Hey guys! Long time no chat. So, update on my life— I’m engaged! I know what you’re thinking. Yay, you but what does this have to do with strengthening my social muscle? Well, let’s just say that in the last month all I have been thinking about are social gatherings- engagement parties, bridal showers, dress fittings, family dinners- and while all of this makes me giddy to plan, I know that there are plenty other people in my world that are having anxiety about how to do this safely and in a way where everyone can still enjoy one another.
Let’s begin by calling out the elephant in the room. Regardless of your political belief, we cannot argue that COVID is still a thing. A thing to consider, to monitor and that many are basing their decisions around. We have been waiting for the day when concerts are back, we can go watch a football game and weddings don’t have to be elopements. As wonderful as it is, now that it’s here many of us are experiencing a new type of anxiety- how to reintegrate after a year and a half of being fairly isolated from the world at large.
My clients and friends have shared that they feel like they suddenly have social anxiety; that the mere thought of seeing people in real life is striking a nerve that was never sensitive. What I have encouraged each of them to do is to pinpoint what part of the social situation feels scary. Yes, I’m going back to my favorite therapeutic mantra of “name it to tame it”.
Some clients feel self-conscious to see people after believing they’ve gained the COVID-15. Other people are uncertain of their friends’ and families’ vaccine status and don’t want to ask questions for fear of insulting them. Many teens are feeling out of practice when it comes to talking IRL (in real life) after leaning so heavily on social media. The variables and intricacies go on.
It’s important to identify what your specific concern is so that you’re able to figure out the best solution. Once you know the concern, I encourage you to identify what your boundaries and needs are. This will vary based on pre-existing social anxiety, vaccine status, if you’re immunocompromised, etc. This boundary is yours to create. You do not have to apologize or feel bad for it. You need to own it, honor it, and then communicate it with those who matter. Acknowledge that it may feel uncomfortable or awkward but that ultimately sticking to your boundary will allow you to participate and enjoy whatever is going on.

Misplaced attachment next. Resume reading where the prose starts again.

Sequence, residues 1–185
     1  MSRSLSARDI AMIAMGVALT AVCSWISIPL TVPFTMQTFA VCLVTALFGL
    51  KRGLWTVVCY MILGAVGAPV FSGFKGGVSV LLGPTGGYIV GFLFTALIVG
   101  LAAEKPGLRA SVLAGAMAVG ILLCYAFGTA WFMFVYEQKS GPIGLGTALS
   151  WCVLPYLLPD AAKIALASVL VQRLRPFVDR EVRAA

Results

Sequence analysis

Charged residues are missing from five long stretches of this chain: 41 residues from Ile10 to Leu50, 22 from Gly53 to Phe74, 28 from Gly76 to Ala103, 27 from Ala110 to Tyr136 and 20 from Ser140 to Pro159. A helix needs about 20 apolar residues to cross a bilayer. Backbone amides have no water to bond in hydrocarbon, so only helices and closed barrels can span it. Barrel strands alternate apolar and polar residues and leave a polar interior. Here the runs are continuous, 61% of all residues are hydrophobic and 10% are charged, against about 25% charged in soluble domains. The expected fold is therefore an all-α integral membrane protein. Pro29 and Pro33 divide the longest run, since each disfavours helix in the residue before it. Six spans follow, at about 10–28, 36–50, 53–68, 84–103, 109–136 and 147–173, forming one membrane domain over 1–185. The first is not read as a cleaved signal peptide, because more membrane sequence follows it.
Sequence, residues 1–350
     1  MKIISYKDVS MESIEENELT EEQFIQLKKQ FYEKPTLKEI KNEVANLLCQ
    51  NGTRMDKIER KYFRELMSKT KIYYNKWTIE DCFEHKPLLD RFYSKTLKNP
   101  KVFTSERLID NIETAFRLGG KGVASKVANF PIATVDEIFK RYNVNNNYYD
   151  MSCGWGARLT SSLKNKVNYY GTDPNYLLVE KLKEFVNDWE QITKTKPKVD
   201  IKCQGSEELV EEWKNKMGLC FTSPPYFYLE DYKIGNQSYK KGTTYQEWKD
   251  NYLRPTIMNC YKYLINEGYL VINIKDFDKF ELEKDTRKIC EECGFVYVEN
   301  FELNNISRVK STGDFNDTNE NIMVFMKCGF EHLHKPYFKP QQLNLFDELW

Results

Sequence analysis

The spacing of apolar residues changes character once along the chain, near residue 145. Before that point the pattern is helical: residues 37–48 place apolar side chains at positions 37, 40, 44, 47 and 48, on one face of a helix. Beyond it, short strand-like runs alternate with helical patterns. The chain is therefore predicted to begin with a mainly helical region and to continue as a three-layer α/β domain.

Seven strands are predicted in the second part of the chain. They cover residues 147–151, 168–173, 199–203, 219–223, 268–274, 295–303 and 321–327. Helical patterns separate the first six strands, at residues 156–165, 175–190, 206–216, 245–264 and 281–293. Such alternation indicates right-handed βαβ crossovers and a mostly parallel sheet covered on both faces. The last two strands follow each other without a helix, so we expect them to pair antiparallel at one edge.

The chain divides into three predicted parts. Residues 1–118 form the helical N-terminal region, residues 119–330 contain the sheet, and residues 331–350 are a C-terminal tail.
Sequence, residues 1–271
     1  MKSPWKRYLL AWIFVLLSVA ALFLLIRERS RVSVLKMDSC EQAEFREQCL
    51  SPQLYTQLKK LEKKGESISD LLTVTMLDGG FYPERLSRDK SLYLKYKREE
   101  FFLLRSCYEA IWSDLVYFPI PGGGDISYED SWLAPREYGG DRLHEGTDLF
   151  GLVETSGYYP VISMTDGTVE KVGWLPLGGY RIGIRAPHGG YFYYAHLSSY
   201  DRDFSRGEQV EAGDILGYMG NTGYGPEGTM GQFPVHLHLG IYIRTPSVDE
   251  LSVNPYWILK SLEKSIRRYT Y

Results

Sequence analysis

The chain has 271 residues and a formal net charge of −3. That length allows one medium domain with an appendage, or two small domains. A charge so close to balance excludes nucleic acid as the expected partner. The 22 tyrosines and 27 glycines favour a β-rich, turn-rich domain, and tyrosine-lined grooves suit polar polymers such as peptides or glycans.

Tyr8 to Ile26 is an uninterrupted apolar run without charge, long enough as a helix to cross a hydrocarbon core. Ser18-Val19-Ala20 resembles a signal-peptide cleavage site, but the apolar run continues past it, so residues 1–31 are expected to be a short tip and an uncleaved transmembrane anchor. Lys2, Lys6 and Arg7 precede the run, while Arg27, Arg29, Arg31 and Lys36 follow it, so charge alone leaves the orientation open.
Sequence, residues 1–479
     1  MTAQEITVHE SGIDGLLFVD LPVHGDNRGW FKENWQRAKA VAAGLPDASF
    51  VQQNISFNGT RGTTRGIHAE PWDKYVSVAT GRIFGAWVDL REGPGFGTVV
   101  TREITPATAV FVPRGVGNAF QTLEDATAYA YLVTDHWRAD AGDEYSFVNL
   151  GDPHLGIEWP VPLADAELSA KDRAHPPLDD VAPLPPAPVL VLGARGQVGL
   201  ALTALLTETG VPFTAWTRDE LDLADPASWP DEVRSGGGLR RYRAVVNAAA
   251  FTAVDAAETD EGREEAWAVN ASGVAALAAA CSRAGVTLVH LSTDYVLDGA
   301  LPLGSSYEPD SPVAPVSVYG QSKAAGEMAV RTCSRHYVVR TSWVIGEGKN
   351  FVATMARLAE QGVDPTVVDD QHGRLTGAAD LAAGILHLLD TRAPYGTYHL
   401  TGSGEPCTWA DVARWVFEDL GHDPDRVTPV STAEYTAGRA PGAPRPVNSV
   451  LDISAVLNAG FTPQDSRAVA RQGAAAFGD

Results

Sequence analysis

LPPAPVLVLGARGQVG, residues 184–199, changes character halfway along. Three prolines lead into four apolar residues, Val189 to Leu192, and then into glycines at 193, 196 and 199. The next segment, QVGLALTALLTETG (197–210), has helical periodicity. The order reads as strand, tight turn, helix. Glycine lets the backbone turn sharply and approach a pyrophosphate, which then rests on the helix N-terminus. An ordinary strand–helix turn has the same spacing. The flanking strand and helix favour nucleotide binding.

If you’re worried about putting yourself out there, start small. Try out gradual exposure where you chat with people at Trader Joes. Next, grab coffee with a friend. From there you can graduate to dinner and before you know it a party, concert or a wedding may seem more doable. Throughout the exposures continue to monitor how you’re feeling, if the boundaries are helping or if you need more, and if you are communicating your needs enough. This process will likely need to be repeated for each event as all gatherings are not created equal.
The biggest take away is this: all of these experiences and emotions surrounding them are temporary. Fortunately, the pandemic is continuing to improve and we will adjust to this new normal soon enough. During this transition time be gentle with yourselves and your loved ones. We are all processing this on different levels and need to create space for that.
Things will continue to get better. You are not alone. Millions of people are feeling this way and there are plenty of people that can help. If you don’t have anyone in your immediate support system, it has never been easier to find a therapist that can help walk you through this, virtually or in-person. What I want for each of you is to be able to get to the other side of this wonky time is to know that you’ve stood up for yourself and your values, all while continuing to stay engaged in the world as much as you can.
Hi! My name is Marina. I am a twenty-something therapist living in a plugged-in world, with a pressure to do it all, all while trying to stay sane. I recognize that the twenties and entering in adulthood can be both a trying and exciting time. Because of that, I want to use both my clinical and real-life education to provide support for those out there that are trying to figure out how to make it in the real world.
In my practice, I love working with this demographic because of the amount of opportunities and possibilities available. I am fortunate to have the unique ability of being able to relate to individuals living in this decade on a real level and provide tangible support and tools. When I am not talking to someone in my office, I love talking to large groups of people, providing presentations at schools, community organizations, and businesses on topics ranging from teens and technology to work-life balance.
Additionally, I am an Adjunct Professor at Pepperdine University’s Graduate School of Education and Psychology program
I am thrilled to learn more about the readers of The Daily Feels and help each other figure out this crazy and exciting time of life together!